Learning to Write With Movies

Hello gentle reader,

As promised today I am mixing work and pleasure, in the sense that I’m going to talk about writing and handsome actors. See, I am a huge movie fan and I often go and see movies for the actor I happen to fancy. Sometimes the movie is great. Sometimes it is terrible and all I can do is stare at the awesomeness that is the main actor and forget about the movie itself. Whatever the case, I always learn something about writing. Thus let me share below a few nuggets of wisdom learned from various movies (in chronological order)… or you can just scroll down and stare at the pretty pictures.

Gladiator

Movie: Gladiator (2000)

Actor: Russell Crowe

What I learned about writing: Never underestimate the narrative power of the good old “Hero’s Journey”. If you put a new spin on it, there’s no reason why your hero shouldn’t get a call, meet a mentor, go through some trials, defeat the bad guy and finish his journey transformed.

Alexander

Movie: Alexander (2004)

Actor: Jared Leto

What I learned about writing: Don’t be afraid to be a bit ambitious and to go for epicness. Some stories need it.

Tristan & Isolde

Movie: Tristan and Isolde (2006)

Actor: Henry Cavill

What I learned about writing: Do not make your villain/secondary character more interesting, more handsome, more complex than your hero. Because then, your reader will fancy him more than the hero. And that can be a problem.

Mr Brooks

Movie: Mr Brooks (2007)

Actor: Kevin Costner

What I learned about writing: it is perfectly acceptable to have a villain as your main character, as long as you show him in all his complexity.

valhalla-rising

Movie: Valhalla Rising (2009)

Actor: Mads Mikkelsen

What I learned about writing: having a disabled main character can make your story intriguing and more original. In this example, the hero is one-eyed and mute. Yet he is fascinating.

Centurion

Movie: Centurion (2010)

Actor: Michael Fassbender

What I learned about writing: Michael Fassbender is awesome. Wait, that’s not a writing lesson. Here is the lesson: even if you have a large cast, make sure all the characters have their own “arc” and storyline. The more the reader feels he knows them, the more he is likely to care.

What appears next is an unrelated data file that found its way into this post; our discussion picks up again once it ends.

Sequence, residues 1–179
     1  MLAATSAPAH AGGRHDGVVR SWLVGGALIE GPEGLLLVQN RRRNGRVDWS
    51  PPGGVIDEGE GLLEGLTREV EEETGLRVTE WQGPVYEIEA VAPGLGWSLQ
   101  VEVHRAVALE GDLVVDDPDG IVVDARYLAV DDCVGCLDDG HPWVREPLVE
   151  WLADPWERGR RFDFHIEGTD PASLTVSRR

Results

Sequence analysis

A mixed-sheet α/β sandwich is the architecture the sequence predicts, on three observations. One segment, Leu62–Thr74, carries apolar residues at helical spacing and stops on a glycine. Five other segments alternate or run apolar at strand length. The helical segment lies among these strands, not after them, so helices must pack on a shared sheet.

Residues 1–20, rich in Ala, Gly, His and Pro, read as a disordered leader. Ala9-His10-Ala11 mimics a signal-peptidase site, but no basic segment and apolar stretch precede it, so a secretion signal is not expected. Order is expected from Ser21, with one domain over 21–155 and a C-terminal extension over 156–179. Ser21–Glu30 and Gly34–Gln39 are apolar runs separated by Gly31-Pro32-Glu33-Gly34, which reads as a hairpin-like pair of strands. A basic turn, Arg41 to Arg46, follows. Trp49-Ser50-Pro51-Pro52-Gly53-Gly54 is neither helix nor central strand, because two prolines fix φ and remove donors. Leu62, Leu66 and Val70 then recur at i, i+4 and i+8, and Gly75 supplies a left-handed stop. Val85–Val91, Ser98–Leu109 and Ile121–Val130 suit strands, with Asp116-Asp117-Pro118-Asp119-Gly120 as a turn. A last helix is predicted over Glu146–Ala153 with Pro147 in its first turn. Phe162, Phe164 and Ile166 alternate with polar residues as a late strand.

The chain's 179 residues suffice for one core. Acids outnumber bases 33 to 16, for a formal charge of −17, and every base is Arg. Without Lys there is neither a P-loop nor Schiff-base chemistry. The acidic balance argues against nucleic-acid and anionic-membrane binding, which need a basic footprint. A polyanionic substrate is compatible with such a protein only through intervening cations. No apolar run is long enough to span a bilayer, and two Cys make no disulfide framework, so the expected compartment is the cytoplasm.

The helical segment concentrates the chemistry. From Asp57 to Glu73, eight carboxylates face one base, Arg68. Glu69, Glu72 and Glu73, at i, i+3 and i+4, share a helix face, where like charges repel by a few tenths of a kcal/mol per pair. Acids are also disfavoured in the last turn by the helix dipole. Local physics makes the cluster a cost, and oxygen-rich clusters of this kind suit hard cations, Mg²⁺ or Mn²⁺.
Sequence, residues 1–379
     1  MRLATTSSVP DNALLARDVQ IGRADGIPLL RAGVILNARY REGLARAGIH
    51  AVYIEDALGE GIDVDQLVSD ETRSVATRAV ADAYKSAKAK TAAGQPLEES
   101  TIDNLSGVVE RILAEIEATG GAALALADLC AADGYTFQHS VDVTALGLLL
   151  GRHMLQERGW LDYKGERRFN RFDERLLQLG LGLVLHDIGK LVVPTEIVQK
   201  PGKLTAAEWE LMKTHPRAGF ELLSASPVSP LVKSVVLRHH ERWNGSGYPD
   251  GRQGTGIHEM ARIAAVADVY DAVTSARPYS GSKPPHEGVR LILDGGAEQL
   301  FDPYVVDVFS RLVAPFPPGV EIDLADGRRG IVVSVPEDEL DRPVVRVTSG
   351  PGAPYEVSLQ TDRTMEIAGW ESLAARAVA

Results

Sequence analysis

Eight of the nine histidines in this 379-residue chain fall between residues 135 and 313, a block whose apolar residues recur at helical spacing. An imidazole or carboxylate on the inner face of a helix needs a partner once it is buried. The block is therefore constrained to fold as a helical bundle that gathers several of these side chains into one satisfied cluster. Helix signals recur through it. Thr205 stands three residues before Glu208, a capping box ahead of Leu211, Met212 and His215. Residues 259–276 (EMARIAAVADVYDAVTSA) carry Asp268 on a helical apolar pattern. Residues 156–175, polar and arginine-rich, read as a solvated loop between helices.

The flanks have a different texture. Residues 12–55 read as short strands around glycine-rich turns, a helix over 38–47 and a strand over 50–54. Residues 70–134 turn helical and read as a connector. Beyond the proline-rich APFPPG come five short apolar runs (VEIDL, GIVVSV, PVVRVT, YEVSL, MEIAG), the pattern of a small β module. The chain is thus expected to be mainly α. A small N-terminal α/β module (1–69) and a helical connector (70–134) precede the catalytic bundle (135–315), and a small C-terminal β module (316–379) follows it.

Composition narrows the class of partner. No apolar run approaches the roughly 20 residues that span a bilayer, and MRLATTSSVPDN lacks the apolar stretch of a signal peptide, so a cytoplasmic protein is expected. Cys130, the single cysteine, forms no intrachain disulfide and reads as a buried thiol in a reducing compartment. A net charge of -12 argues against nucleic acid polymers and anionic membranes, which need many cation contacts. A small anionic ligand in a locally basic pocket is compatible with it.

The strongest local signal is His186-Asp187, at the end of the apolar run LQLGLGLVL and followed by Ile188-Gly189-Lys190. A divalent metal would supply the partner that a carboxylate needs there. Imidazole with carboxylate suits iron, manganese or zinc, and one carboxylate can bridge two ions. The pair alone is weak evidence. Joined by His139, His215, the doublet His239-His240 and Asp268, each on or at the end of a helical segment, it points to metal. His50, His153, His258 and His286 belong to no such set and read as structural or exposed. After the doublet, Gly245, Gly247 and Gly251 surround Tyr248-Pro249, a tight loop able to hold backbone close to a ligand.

Anonymous

Movie: Anonymous (2011)

Actor: Jamie Campbell Bower

What I learned about writing: Done artfully, it can be very moving and narratively powerful to portray a character from his youth to his death and to span 80 years of history.

The Eagle

Movie: The Eagle (2011)

Actor: Channing Tatum and Jamie Bell

What I learned about writing: Nothing will make your reader care more about your main character than showing him with a best friend.

Have you learned any writing lessons from watching movies? If, yes, which ones? Feel free to leave me a comment below!

On Writing Unforgettable Secondary Characters – With Ianto Jones

Hello gentle reader,

Today I’d like to talk about how to write unforgettable secondary characters. To do so I will use the example of Ianto Jones, a supporting character in the British Science-Fiction Drama Torchwood (played by Gareth David-Lloyd). Fair warning: here there’ll be spoilers, so stop reading now if you haven’t watched this great show which ended in 2010.

Ianto Jones Portrait

Why Ianto Jones, you ask? Because when Ianto died in the fourth episode of the series’ third season in July 2009, fans were so overwhelmed with shock and grief they created a shrine for him in Cardiff. Yes, a shrine.

Ianto's Shrine - Cardiff

Photo by crimson_bride from Save Ianto.Com

So how did the writers of the show made us care for Ianto so much that his fictional death broke our hearts, and what can we learn from this for our own writing?

1-      The audience can relate to him

The Torchwood Institute is a small team of alien-hunters in Cardiff, Wales. All the main characters are clever and charismatic heroes who are excellent at saving the world and the day. And then you have Ianto.

Ianto Jones - Gwen's wedding dress